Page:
Eats and Drinks
Room with More than a View
The renovated 13th Floor at the Belvedere upgrades in cuisine, atmosphere
Published: February 13, 2013
The 13th Floor of the Belvedere (1 E. Chase St.,  327-0880, 13floorbelvedere.com) always seemed a bit discordant. A trip through the elegant lobby of the swank, remodeled condominium building to go dancing in a sweaty crowd to a local reggae or R&B cover band, swilling cheap beer at the big bar in the middle of the room—even as some of the most gorgeous vistas of downtown spread out on each side—felt something akin to partying in the rich kid’s penthouse while his parents were in St. Barts.
The aerie with grand slanted windows, reminiscent of a Paris atelier or the Starship Enterprise, belied a vibe more befitting of a Fells Point pub, and the food was pretty much nonexistent. (I recall escaping to the downstairs Owl Bar on occasion for a pizza.)
The new management, which took over the 13th Floor in 2009, has set about to change all that. They shut the place down in April of last year, and reopened in the fall with a stated goal of introducing consistency, smoothing out the rough edges.
And indeed, the new 13th Floor practically defines smooth, in a Diana Krall-Barry White-supper club sort of way. The oversized bar has been removed, making way for a cocktail lounge with comfy settees and chairs upholstered in a leafy fuschia cut velvet. Faux-reptile-skin banquettes and high-gloss white tables line the floor-to-ceiling windows along the sides. There’s a bar area near the entrance, across the room from a small stage that hosts a nightly lineup of bona fide crooners.
And there’s also a bona fide menu by chef Rocco Pisera, offering a mix of small plates and entrees that add up to a meal worthy of a special occasion or an every-day-is-Valentine’s-Day kind of celebration. (Sadly, the actual Valentine’s Day $55 prix fixe menu has been sold out for some time now).
You’ll probably want to start with a cocktail—the “Fitzgerald,” a manhattan made with Woodford Reserve bourbon and cherry liqueur, named for one of the former hotel’s luminous guests. Other offerings include the “Lucky You,” with mandarin-infused vodka and Grand Marnier, topped with St. Germain elderberry foam and garnished with a slice of dragon fruit, a thick-skinned curiosity that resembles an oversized kiwi with a waxy red rind.
The menu isn’t extensive, but like many restaurants these days, it offers the option of grazing through a series of shared small plates—a good choice when seated at one of the cocktail tables in the lounge area—or digging into a three-course meal (in which case, you’ll be happy to lean back in the comfort of a banquette). Small plates include fried crusted oysters ($11), four to a plate, with a smear of pepper-tinged strawberry jam on the side for dipping. The oversized bivalves were slightly overcooked and absent of any slither.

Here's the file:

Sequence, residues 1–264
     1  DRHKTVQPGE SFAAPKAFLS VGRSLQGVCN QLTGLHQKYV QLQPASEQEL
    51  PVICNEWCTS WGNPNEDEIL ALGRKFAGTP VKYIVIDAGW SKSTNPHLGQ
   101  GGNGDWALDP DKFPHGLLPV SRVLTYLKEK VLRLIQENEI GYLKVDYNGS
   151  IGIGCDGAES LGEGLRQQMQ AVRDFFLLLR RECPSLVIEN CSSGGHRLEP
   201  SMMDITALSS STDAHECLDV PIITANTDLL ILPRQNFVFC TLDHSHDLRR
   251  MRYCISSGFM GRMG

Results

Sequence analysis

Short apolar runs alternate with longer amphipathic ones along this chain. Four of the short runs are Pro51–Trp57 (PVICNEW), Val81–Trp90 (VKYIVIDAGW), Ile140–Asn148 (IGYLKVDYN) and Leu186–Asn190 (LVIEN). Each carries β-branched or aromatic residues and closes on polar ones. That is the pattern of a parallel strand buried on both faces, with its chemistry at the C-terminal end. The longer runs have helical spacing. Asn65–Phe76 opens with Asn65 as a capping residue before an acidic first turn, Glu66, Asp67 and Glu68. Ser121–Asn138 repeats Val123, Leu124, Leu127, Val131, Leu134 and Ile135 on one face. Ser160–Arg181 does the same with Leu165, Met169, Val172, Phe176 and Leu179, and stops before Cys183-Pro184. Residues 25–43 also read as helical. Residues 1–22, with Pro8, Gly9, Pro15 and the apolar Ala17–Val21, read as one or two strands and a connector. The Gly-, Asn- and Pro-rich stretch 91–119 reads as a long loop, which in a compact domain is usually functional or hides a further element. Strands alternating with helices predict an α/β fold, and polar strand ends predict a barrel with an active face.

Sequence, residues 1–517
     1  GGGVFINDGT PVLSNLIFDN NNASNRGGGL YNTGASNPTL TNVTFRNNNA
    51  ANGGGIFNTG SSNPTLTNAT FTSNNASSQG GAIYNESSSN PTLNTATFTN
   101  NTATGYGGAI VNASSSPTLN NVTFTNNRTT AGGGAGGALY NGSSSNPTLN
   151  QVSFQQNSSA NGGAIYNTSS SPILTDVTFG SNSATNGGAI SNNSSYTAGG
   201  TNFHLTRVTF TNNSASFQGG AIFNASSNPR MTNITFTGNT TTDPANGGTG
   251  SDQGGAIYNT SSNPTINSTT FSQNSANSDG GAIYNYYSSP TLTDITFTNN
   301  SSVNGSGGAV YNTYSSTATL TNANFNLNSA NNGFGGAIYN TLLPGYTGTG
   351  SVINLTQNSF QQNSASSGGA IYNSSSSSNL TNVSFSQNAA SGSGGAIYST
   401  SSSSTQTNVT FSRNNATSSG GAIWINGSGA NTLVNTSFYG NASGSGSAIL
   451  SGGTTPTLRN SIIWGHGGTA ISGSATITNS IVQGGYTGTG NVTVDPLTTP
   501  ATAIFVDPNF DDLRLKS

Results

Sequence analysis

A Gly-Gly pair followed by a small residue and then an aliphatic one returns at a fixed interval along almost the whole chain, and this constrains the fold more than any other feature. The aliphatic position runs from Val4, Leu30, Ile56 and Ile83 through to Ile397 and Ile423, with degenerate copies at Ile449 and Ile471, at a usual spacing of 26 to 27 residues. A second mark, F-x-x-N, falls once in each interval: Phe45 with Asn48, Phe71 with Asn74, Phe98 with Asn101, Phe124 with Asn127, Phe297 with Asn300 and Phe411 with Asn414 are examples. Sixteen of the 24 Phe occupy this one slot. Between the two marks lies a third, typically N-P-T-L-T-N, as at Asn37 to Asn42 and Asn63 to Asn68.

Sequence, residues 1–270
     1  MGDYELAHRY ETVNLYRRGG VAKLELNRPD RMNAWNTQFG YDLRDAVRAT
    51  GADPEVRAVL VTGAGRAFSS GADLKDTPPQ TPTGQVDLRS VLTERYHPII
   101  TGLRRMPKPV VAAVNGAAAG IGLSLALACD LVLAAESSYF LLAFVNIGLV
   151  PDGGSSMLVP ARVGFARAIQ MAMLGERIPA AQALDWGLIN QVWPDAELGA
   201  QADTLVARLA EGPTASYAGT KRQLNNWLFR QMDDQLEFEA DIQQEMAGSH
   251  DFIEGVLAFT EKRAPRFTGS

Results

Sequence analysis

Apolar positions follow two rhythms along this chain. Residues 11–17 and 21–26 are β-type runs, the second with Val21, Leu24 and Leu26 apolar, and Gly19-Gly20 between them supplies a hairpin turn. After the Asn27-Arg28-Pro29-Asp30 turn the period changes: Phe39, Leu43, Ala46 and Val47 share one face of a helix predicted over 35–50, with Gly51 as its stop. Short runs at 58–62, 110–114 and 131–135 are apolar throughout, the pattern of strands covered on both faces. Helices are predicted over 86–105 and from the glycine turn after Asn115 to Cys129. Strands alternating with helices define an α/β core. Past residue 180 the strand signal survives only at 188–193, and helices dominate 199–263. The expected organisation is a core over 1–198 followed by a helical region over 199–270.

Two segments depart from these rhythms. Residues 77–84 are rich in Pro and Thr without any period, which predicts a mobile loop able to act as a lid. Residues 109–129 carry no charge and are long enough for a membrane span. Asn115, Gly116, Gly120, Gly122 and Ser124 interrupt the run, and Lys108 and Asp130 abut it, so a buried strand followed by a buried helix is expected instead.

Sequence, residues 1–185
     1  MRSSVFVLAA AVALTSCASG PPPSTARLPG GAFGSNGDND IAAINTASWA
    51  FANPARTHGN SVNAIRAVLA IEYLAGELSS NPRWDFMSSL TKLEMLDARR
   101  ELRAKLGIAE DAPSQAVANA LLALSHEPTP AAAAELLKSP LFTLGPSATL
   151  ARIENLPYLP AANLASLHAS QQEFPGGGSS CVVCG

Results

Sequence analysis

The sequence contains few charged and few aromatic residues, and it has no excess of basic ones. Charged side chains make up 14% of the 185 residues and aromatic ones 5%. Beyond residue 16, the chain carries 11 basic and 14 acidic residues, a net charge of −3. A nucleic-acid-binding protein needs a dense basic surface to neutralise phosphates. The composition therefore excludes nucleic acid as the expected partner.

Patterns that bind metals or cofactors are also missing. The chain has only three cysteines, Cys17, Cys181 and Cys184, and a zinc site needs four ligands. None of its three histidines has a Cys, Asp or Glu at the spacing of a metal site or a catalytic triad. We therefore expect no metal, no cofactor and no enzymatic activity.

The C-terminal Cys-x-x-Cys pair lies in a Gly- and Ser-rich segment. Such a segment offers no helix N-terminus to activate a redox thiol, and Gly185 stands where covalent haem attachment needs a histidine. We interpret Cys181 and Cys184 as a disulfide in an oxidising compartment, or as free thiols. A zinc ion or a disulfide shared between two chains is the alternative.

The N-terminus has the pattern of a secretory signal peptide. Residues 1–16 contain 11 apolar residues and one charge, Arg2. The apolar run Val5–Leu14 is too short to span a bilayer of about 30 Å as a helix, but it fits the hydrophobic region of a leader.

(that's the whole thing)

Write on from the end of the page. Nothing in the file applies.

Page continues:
The confit duck leg ($16) was seasoned with sage and served with duck-fat fries and a nice plum jam to cut the salty goodness.
We also ordered the tuna tacos ($12), nearly raw seared ahi with queso fresco and cilantro, delicious but for the prosaic soft flour-tortilla wrapper—which could easily be replaced with the authentic corn variety, readily available locally.
The entree list, though not extensive, seems to have something for any mood. The risotto had chunks of meaty lobster—including whole claws—and several large shrimp embedded in earthy black truffle-infused rice ($26), while the braised short ribs ($25) come on a heap of mashed potatoes with forest mushrooms and a port wine reduction. There’s also a pot roast and chicken Milanese with garlic butter.
Our very attentive server was an aspiring sommelier and made wine suggestions that worked nicely—both with our meal and for lingering through dessert. If cheesecake is your thing, do try the Irish-coffee version ($8), served here in a martini glass with mounds of whipped cream. The flourless chocolate cake ($8) is likewise a decadent treat, with salty cashews and raspberries and a small dish of whipped raspberry creme fraiche on the side.
By all means, drink your dessert—a straight-up bourbon or single malt Scotch from the “nightcap” menu, or a sweet cocktail made with champagne or green tea. It’s worth lingering for the music and the views.
The rebranding effort at the Belvedere puts a new emphasis on food, and though the menu may be uneven, you can stick with the generously portioned small plates without breaking the bank. This new cosmopolitan persona retains some of the old working-class cred by keeping prices in check and the romance meter high—in other words, there’s no charge for the views.
And while there’s no more stomping to Rockabilly or keening to reggae on the 13th Floor (unless of course, you’ve reserved the place for your wedding or another special event), music is still a draw. Each evening, pianist and singer Tommy Joy plays lounge-style music during the dinner hour (7-9 P.M.), followed by an easy-listening ensemble playing mostly jazz and big-band standards with a vocalist. We’re told that occasionally the mood strikes and a couple will get up and move to the music. It’s not the same as days of old, but we’re grown up now, and the 13th Floor has risen to the occasion.
The 13th Floor is open Wednesday and Sunday, 5 p.m. to 10 p.m., Thursday 5 p.m. to 11 p.m., and Friday and Saturday, 5 p.m. to 1 a.m.
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